O’Neill’s writing is sharp, funny, and authentic, and she brings us a believable – and truly likable – protagonist in the most unlikely of circumstances. Reluctantly Charmed is a first effort that will bring O’Neill plenty of fans, while reminding her readers to keep an eye out for magic in surprising places.
– Kara Rota
(Touchstone / 448pp / $16.99)
When Lions Roar: The Churchills and the Kennedys
By Thomas Maier
The two dynastic pillars of the 20th century were arguably the Kennedy and Churchill families, and now in Thomas Maier’s When Lions Roar: The Churchills and the Kennedys, their lives and deaths are engrossingly brought together. Maier has a keen eye for detail and offers up salacious anecdotes about the background dramas that colored their lives, the tragedies that beset them, and the curious ways the families’ lives intersected.
The story of the Churchill and Kennedy families is grounded in the patriarchs, Winston and Joe. Maier’s story is at once about the incredible bonds between fathers and sons and the double-edged sword of fame. The best parts of the book are those that center on the families in the 1930s. As Joe ascended politically, Churchill was relegated to his “wilderness years.” Maier does not hold back on the braided love lives
of both the men and women of the two families. Many times it seems the strongest ties that bound Kennedy and Churchill were through paramours like Clare Boothe Luce, the wife of the founder of Time magazine, who had affairs with both Joe Kennedy and Randolph Churchill.
The major drama however, centered on Joe Kennedy’s time as ambassador to England, when his vitriolic statements of Nazi appeasement angered FDR, the British public, and especially Churchill. During his tenure, Kennedy was embroiled in a Nazi spy crisis and was shunned by Churchill’s government, which left him floundering in his own wilderness.
The book does lose its way towards the end. Maier faithfully captures the tragedy of both families – the deaths of Joe Jr. and Kick Kennedy, the divorce of Randolph and Pamela Churchill, the suicide of Churchill’s daughter Diana – but the rest of the family members appear as extras, not a supporting cast. The ties that unite the two families by the 1950s are tenuous. JFK is dutifully brought to life, including his fascination with Ireland (he interviewed Éamon de Valera and visited with his sister in 1947) and his admiration for the works of Churchill. Maier seems at strides to connect Churchill and JFK, mentioning many times how “alike” Kennedy and Chur-chill’s prose sound, but offering no critical insight. Still, in the end we are left with a thoroughly told and fascinatingly detailed account of the Churchill and Kennedy families that brims with revelation and showcases the dynamic relationship between these roaring dynasties.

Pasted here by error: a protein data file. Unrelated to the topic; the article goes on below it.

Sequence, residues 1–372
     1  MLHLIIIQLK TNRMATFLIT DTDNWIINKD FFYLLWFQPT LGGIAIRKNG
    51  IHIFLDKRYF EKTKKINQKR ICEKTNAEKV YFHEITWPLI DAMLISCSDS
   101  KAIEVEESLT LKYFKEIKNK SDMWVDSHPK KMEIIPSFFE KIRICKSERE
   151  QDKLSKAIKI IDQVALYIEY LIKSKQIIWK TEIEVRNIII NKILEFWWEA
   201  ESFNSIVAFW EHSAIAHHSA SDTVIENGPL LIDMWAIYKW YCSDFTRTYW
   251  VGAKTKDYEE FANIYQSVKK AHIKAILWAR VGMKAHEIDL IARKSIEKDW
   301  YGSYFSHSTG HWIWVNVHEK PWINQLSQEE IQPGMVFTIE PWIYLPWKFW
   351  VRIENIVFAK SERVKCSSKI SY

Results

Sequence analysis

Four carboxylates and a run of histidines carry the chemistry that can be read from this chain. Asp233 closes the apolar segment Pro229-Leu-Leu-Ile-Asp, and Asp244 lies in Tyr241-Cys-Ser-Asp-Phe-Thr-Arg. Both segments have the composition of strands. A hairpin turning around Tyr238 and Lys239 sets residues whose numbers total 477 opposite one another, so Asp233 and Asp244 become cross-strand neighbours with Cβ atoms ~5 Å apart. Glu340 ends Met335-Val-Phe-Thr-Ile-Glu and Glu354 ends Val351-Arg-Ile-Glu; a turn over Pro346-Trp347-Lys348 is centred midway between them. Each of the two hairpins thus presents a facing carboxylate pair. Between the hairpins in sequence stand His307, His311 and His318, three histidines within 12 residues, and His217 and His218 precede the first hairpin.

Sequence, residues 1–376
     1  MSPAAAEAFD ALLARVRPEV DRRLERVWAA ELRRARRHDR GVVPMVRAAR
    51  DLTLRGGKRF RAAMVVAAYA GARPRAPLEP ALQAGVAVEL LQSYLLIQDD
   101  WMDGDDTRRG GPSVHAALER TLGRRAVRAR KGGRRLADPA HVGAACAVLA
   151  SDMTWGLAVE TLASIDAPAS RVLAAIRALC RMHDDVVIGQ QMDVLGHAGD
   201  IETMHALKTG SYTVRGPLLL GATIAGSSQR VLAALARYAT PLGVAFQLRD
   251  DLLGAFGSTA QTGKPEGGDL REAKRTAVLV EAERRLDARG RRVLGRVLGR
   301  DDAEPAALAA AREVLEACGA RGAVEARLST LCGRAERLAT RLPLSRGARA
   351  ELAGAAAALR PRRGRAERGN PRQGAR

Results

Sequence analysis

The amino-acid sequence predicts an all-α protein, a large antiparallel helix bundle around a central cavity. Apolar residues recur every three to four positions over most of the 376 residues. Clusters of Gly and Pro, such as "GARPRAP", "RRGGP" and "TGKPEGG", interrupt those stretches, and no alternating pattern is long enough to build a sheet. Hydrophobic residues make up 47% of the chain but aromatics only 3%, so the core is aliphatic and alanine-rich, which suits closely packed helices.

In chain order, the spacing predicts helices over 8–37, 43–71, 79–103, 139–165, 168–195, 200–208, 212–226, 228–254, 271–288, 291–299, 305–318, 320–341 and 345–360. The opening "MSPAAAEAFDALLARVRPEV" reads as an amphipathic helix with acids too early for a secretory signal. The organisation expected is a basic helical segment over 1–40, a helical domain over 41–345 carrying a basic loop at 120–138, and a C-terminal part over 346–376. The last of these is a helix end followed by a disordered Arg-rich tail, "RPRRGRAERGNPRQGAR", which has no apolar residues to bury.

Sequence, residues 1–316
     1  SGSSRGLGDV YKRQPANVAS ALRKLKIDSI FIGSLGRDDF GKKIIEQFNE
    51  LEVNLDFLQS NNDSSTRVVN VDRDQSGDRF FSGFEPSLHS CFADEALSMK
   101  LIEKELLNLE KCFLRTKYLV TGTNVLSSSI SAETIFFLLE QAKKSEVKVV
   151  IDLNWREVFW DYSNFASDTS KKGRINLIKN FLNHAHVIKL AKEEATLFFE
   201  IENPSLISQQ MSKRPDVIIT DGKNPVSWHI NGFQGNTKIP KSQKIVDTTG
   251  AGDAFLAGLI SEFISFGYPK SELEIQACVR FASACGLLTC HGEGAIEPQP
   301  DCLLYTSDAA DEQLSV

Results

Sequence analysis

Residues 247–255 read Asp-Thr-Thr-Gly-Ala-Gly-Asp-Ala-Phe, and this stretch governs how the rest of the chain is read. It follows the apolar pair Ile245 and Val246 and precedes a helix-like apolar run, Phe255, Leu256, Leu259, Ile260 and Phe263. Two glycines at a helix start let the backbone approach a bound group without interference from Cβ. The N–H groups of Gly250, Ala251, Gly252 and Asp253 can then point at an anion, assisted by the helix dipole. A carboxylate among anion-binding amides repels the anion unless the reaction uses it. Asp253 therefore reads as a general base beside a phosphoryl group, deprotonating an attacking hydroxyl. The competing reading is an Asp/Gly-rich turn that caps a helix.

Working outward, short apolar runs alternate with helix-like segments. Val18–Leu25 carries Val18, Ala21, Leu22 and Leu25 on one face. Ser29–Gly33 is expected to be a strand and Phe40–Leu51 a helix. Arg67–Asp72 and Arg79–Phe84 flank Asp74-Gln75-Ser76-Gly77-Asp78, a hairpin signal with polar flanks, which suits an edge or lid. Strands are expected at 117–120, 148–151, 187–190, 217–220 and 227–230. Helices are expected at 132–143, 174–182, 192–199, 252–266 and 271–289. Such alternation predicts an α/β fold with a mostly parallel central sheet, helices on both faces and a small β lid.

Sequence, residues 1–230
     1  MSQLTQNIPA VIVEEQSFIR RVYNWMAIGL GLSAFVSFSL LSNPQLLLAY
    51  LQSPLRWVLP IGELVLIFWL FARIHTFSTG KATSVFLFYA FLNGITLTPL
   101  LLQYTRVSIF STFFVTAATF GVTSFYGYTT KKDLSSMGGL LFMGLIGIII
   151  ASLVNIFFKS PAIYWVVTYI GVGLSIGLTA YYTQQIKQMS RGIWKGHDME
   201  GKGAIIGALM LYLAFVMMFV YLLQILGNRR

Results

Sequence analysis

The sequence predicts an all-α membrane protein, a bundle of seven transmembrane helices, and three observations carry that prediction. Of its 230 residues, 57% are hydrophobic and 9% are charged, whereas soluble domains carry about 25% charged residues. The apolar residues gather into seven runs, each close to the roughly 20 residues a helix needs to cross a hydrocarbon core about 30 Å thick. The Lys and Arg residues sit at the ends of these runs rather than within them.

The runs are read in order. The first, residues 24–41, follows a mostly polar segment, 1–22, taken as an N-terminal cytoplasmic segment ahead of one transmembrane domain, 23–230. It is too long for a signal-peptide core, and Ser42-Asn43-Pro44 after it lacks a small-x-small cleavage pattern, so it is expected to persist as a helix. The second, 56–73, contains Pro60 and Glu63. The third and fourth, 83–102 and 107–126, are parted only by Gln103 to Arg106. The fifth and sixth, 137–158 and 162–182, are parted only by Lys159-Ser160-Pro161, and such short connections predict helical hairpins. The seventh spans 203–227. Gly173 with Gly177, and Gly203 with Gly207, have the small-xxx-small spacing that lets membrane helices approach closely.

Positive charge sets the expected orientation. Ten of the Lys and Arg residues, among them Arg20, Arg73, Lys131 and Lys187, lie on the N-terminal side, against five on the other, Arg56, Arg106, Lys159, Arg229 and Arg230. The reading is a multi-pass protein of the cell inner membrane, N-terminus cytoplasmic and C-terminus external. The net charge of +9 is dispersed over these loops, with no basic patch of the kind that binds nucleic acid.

– Matthew Skwiat
(Crown / 732pp / $30)
Compassionate Stranger: Asenath Nicholson and the Great Irish Famine
By Maureen O’Rourke Murphy
Ireland’s Great Hunger still haunts the historical memory of many Irish and Irish-Americans, but the name Asenath Nicholson (though not entirely forgotten by historians) should be remembered by all who contemplate the Great Famine, as Maureen O’Rourke Murphy’s new book, Compassionate Stranger: Asenath Nicholson and the Great Irish Famine, makes clear.
Nicholson is sometimes remembered for her role in detailing the conditions of the rural Irish poor before the famine. But when the combined effects of dependency on a single crop, the arrival of the potato blight, and the detached and intransigent policies of laissez-faire London brought on the most desperate years in Ireland, Nicholson was also there to record it all as she redoubled her calls for financial assistance while tirelessly administering whatever aid she could.
Compassionate Stranger is the culmination of fifty years of punctilious research written as an accessible biographical-narrative, which recalls Nicholson’s fascinating life and her role in both American and Irish history. Utilizing Nicholson’s writings and archival material from the United States, Ireland, and Britain, Murphy was able to overcome the challenges of writing a comprehensive life of a lesser-known woman of the 19th century.
Murphy’s research also reveals Nicholson as an outspoken American woman politically and socially committed. She was a vehemently anti-Masonic temperance reformer and an active journalist who later ran a boarding house populated by her colleagues in the abolitionist movement. Some of the most rewarding aspects of Compassionate Stranger come with Murphy’s astute analysis of how Nicholson’s early involvement in U.S. politics and her quest for reform later influenced her activity in Ireland.
Compassionate Stranger is not only a notable academic achievement but is also a readable and tantalizing story of one powerful woman’s drive to bring justice to the marginalized. The book itself does this job as well, as it does justice, at least in the case of one woman, to the role of women all too often left on the margins of historiography.
– R. Bryan Willits
(Syracuse UP / 440pp / $39.95)